Tuesday 13 May 2014

A Short History of Secularism - A Book Review

A Short History of Secularism - A Book Review

A Short History of Secularism by Graeme Smith

There are a number of interesting things in this book, but first let me begin with the title, it is short at abit over 200 pages, but it is not a history nor is it really about secularism. A better and more accurate title might have been "The Ethics Society" as it is this idea that informs the book and gives it it's main arguments, of which there are two.

The Author Graeme Smith is interested in how religion fits into the modern world and he makes some interesting insights. He makes an attempt to show how Liberalism is an offshoot of Christianity, a claim I myself have made. But it seems to me that he cannot decide whether he believes they are one and the same, Liberalism being the modern version of Christianity or whether he believes they are related but still distinct.

But before he gets to this point he looks at the question of just how religious are modern people? He is British so much of the information is about Britain, with that caveat I still think it is of wider use. He points out that just because people are secular does not mean that they are Atheists or Agnostics. In fact he points out how resistant people have been to both trains of thought as most people still believe in God. What they have a harder time supporting is not God but religion, particularly organised religion. Here he makes another claim that is quite interesting, he asserts that we have a false view of the religious past. The first reliable surveys on church attendance took place in Victorian times and he asserts that the Victorians were bigger church goers than either the people who came after them or the people who came before. So what we are seeing is not an Atheistic society but a return to a more "normal" situation. And that we are confusing church attendance with faith, when they are two separate things.

 He also claims that modern people still have faith in God and still try to live their lives in a "Godly" way. They still live with Christian ethics in both their private and public life, even if they do not acknowledge it. The Enlightenment changed the "technology", or how people saw and thought about how the world worked. The old "technology" was that God made everything and that religion and science were regarded as basically the same thing. The new "technology" that arose from the Enlightenment was that science could explain how the world worked and that religion had either little or no place in this arena. Religion was only to be about God and not about how the world was ordered. Those who support a secular world have asserted for centuries that we no longer need God to explain the world so he is no longer needed and that in time people will realise that they do not need God and that he will die a natural death. But instead people have accepted the new "technology" and they still believe in God, even if they are not particularly religious.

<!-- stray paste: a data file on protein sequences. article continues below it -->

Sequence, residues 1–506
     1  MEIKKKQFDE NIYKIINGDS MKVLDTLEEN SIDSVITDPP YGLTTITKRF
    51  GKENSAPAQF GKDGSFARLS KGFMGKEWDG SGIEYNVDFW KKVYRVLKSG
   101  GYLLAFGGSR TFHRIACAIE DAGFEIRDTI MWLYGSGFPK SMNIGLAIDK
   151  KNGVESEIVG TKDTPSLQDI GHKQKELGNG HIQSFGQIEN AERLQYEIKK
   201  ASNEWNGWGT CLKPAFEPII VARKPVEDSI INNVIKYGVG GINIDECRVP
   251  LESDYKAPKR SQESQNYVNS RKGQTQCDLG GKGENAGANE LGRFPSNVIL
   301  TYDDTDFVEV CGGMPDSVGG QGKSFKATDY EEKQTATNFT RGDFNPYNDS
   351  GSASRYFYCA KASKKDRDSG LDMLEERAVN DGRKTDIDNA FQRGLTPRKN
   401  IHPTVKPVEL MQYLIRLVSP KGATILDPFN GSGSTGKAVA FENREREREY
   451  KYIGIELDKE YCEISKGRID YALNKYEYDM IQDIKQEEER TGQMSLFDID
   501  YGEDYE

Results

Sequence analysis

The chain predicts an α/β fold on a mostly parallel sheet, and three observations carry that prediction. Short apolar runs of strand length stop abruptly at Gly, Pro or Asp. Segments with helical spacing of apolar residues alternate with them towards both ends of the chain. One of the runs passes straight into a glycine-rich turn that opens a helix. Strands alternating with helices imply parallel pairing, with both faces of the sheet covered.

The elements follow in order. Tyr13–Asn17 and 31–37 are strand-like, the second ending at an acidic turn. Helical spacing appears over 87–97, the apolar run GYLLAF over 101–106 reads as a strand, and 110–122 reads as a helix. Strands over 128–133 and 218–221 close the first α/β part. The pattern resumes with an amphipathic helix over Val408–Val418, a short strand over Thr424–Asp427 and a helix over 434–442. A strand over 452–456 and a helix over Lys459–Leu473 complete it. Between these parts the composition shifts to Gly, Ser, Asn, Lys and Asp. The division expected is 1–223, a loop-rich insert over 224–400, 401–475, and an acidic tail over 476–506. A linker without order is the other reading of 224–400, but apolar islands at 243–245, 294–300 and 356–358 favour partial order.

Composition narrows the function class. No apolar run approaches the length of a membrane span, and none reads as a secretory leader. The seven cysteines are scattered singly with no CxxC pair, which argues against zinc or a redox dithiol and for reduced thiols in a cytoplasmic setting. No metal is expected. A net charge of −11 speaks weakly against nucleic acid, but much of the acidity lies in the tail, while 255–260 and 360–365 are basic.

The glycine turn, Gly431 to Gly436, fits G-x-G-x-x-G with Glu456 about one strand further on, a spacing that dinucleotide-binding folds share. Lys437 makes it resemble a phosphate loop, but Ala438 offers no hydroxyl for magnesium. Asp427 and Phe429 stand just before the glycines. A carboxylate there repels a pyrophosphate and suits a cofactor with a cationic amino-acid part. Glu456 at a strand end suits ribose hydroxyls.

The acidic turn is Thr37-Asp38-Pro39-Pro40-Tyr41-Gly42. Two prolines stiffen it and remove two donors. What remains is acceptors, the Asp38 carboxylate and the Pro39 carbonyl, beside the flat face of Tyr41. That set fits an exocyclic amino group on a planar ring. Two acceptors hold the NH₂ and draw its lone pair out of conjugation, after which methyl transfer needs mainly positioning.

Smith then looks at what he calls "the ethics society", that even though God doesn't provide answers as to how the world came to exist or even how it currently exists. People still not only believe in God, but they still believe that ethics are important. That some behaviour is good and that other behaviour is bad and that for most people what they regard as good is Christian. In other words a peoples history is very deep within them and the Christianity of our ancestors lives within us. Including their ideas about Christian ethics and the reason is because while the new "technology", secularism, might be able to inform us about how to, for example, amputate an arm, it has not provided the reasoning behind the decision. Instead secularism, often called Liberalism, simply took Christian ethics and made them it's own. Modern Liberals are using Christian ethics to explain how and why things should be done or conversely not done.

Only 4 pages from the end of the book Smith writes this paragraph, which he entitles The Good Liberal Society:

"My main contention has been that Western secular society should be thought of as the ethics society. As such, it is a society primarily concerned with ethical issues, and the concern for ethics is discernibly Christian, but I want to argue more than this. Many of the conclusions reached by Western liberal and secular society are recognizably Christian. By this I mean that the situation of marginalized and excluded people cannot be ignored by social and political leaders. This is not an easy case to argue. There is a dilemma of how to speak well of a society that knows itself to be failing. It would in many ways be better not to have to make the case. But the strength of criticisms made by those who regard liberal society as anti-Christian mean the attempt is necessary. So it is necessary to take the risk of praising that which could be far better. This is the dilemma of the ethics society. It is not meant to lead to political complacency; quite the opposite. The Western liberal political order is capable of good, as well as bad and so deserves our serious attention."

Here Smith acknowledges that society is failing but he still defends it. I am abit confused as to why, but I accept that my own prejudices may be too blame. If your interested in a history of secularism don't read this book because it is not that. If you want to read about Christianity and it's connection to modern Liberalism then it's quite interesting.

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